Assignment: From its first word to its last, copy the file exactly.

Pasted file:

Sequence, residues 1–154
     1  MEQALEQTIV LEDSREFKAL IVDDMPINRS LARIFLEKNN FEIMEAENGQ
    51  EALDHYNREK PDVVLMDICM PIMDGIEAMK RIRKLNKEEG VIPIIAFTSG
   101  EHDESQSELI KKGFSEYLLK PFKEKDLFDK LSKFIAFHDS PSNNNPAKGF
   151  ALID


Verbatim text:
Sequence, residues 1–154
     1  MEQALEQTIV LEDSREFKAL IVDDMPINRS LARIFLEKNN FEIMEAENGQ
    51  EALDHYNREK PDVVLMDICM PIMDGIEAMK RIRKLNKEEG VIPIIAFTSG
   101  EHDESQSELI KKGFSEYLLK PFKEKDLFDK LSKFIAFHDS PSNNNPAKGF
   151  ALID